Did you know that less than 3% of people living in Pakistan are Christians?  Pakistan is mainly a Muslim country.  Because of religious persecution and the law, our Christian brethren meet in homes.  Currently, we support seven home-congregations that believe as we do.

 

Why do you believe in God?  Have you ever been asked this question?  After being asked this question, I would often flounder around saying things like “Ummm because I was raised in it” or “because the Bible says it’s true” or “God and Jesus changed my life” (meanwhile I didn’t really know how they changed it).  When it came right down to it, I didn’t really know why I believed in God.  If we take our faith seriously, we are not allowed to stay in ignorance; we have to be ready.  There has probably been a time and place when we all had to give an account for our faith to someone, or at least when we have questioned our own beliefs.  Let’s take a look at 1 Peter 3:13 – 18 to see what a very wise man had to say about this subject.

 

“13 Who is [c]there to harm you if you prove zealous for what is good? 14 But even if you should suffer for the sake of righteousness, you [d]are blessed. And do not fear their [e]intimidation, and do not be troubled, 15 but [f]sanctify Christ as Lord in your hearts, always being ready to make a [g]defense to everyone who asks you to give an account for the hope that is in you, yet with gentleness and [h]reverence; 16 [i]and keep a good conscience so that in the thing in which you are slandered, those who revile your good behavior in Christ will be put to shame. 17 For it is better, if [j]God should will it so, that you suffer for doing what is right rather than for doing what is wrong. 18 For Christ also died for sins once for all, the just for the unjust, so that He might bring us to God, having been put to death in the flesh, but made alive in the [k]spirit”

 

Verse 15 blankly states to always be ready to share your defense, or your testimony of the hope that lives in you!  So let’s get practical and dive into the nitty gritty of what a “defense meant to convince” might look like.  Here are several starters to get you thinking about what elements of your personal faith story are powerful to your testimony.

 

  1. Align your actions with Christ’s.

It’s not enough to just be different from the world.  Buddhists, Muslims, even moral atheists live differently from the world.  If you aren’t living like Christ than anything you say after that can as easily be dismissed as saying the word ‘hypocrite’.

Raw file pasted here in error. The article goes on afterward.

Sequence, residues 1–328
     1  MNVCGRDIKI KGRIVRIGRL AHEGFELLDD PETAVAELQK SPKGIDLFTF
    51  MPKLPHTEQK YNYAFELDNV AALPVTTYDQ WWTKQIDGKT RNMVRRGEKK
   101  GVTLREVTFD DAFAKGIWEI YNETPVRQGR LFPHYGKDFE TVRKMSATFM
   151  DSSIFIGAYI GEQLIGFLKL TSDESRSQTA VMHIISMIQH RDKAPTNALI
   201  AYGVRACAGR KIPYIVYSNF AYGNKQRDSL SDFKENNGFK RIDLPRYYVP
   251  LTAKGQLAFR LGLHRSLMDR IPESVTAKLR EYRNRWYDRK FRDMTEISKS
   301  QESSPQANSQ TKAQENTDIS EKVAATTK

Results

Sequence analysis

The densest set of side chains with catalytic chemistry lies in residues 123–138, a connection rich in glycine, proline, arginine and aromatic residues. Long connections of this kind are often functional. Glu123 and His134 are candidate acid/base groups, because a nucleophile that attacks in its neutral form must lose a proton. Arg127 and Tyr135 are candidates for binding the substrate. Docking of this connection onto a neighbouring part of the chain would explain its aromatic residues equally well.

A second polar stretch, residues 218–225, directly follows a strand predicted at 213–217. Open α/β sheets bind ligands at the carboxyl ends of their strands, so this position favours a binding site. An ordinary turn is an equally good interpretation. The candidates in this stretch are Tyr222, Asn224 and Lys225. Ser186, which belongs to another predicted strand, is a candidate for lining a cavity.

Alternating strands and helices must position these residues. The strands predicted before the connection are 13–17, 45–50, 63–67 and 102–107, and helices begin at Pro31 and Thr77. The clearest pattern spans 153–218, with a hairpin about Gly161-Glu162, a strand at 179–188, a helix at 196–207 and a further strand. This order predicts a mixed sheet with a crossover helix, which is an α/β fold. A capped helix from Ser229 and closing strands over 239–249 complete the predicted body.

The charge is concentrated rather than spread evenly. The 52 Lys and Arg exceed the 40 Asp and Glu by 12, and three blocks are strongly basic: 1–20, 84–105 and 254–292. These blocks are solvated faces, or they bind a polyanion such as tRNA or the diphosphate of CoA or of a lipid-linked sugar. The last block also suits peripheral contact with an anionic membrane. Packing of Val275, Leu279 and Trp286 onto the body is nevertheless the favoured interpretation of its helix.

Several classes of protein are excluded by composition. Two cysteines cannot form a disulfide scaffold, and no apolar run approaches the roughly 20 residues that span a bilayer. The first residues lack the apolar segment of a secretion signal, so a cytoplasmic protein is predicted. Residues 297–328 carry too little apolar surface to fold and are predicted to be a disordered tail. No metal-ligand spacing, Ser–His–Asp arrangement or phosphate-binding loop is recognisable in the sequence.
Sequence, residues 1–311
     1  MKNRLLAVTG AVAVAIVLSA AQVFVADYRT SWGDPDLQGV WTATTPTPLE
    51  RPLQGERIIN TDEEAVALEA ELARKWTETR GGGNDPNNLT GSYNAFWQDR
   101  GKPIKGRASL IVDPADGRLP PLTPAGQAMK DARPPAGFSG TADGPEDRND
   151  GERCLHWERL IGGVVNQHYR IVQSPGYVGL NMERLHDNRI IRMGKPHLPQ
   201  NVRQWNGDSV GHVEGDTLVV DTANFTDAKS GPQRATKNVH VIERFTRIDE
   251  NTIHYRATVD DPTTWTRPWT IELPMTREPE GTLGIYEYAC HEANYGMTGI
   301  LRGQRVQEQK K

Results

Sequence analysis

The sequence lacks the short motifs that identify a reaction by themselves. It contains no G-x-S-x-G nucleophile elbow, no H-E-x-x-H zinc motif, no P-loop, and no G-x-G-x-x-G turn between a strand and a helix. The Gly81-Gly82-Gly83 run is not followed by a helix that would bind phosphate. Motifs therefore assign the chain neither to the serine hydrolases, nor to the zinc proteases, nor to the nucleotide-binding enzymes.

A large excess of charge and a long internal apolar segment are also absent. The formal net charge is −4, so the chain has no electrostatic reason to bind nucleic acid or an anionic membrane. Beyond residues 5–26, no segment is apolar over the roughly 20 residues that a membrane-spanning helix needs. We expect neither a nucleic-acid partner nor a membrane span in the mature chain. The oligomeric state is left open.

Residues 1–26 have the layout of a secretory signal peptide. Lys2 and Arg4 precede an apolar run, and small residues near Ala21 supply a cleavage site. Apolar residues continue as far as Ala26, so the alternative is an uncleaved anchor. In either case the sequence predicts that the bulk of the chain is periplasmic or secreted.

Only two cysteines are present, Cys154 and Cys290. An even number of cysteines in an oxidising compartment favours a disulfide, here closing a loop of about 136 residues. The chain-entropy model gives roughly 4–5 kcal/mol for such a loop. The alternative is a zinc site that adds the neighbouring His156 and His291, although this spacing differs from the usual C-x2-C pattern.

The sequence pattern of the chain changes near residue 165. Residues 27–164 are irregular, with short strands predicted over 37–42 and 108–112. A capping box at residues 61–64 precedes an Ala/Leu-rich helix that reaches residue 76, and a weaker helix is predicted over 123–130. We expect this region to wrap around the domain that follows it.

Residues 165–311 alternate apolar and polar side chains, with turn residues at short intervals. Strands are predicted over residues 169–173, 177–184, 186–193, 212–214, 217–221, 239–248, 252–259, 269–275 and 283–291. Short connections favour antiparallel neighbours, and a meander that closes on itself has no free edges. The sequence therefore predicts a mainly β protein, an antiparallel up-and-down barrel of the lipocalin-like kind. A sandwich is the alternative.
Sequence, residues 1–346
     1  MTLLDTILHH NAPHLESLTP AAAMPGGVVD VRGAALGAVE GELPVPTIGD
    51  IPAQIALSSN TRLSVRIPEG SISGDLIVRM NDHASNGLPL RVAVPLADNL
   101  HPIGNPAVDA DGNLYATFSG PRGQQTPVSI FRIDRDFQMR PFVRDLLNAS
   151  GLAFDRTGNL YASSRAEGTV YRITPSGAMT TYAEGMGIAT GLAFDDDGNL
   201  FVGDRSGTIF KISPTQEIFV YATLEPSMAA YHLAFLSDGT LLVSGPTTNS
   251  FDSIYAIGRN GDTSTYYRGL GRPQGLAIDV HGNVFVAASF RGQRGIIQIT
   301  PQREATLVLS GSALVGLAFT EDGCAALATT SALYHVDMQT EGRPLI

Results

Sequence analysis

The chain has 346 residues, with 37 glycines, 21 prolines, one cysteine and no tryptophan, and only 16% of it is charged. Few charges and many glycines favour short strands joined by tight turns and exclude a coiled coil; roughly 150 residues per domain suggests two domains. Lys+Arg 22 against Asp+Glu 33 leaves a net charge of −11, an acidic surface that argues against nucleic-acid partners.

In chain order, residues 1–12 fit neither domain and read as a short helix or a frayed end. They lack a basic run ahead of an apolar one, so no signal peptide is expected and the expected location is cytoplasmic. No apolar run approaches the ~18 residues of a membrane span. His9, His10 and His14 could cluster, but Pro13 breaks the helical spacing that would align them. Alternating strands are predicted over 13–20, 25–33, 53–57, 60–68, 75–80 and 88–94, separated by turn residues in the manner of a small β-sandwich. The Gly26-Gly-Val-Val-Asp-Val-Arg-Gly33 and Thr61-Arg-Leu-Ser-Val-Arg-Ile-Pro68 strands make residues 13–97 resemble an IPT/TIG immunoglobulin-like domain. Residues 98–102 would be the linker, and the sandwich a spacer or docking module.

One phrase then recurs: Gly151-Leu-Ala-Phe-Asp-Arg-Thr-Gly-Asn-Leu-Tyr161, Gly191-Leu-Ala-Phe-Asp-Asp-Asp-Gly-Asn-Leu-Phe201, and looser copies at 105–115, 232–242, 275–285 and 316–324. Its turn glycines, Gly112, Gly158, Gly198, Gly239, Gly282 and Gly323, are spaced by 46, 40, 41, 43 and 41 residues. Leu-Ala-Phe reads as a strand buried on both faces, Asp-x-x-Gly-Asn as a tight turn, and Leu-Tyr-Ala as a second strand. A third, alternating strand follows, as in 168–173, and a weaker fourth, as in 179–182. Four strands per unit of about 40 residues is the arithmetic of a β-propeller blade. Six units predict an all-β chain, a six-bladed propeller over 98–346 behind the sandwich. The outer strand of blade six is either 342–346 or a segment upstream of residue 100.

1. Highlight your personal change

Show how you lived before and how your life is different now, only through the power of God’s grace and strength; you couldn’t do this alone!

 

  1. Highlight your hope for the future

The kingdom of God resides here on the Earth now and in the future!!! This belief has given you purpose.  HOPEfully your peers will be able to perceive this from the way you have been living.  Our actions and mindset produce joy!

 

  1. Highlight the coming judgement

There is a judgement day approaching; it is sooner now than it has ever been.  This aspect is meant to help others perceive the urgency of believing

 

  1. Historical/ontological/teleological arguments for trusting the Bible

If you feel like you can articulate these aspects well, go for it! These are very valuable reasons for believing.  However, you do run the risk of appearing uninformed if the person you are talking to is studied up on these subjects.  You wouldn’t want someone to tear apart your arguments and thus misinterpret your testimony.

 

  1. Highlight the changes in others

Express stories of growth and change that you have witnessed in others.  This is a great time to offer a friend the chance to believe!

 

I encourage you to take some time and write out your testimony on paper.  That way, when the time comes you will have a “defense meant to convince” ready to go.

 

In Pakistan, people are not Christians because it is casual, it is the exact opposite.  With only 3% of the country practicing Christianity, our brothers and sisters are not doing it because of the trendy churches, or latest fad.  These people believe in God and Jesus because they have experienced it; they have a powerful testimony to share.  They have done the preparation and know that this is the best way of life.  Although it is not the popular belief, they are prepared disciples.  I am inspired by our brothers and sisters in Pakistan to testify boldly, and to stand ready to share my defense.

 

If you would like to support our family in Pakistan with Bibles and money for meeting grounds, please follow this link. Thank you! https://www.givelify.com/givenow/1.0/MjM0MDg=/selection

Love,

Josiah & Amber Cain

 

A Lesson from Haiti: Perseverance

haiti

Missions Spotlight: Haiti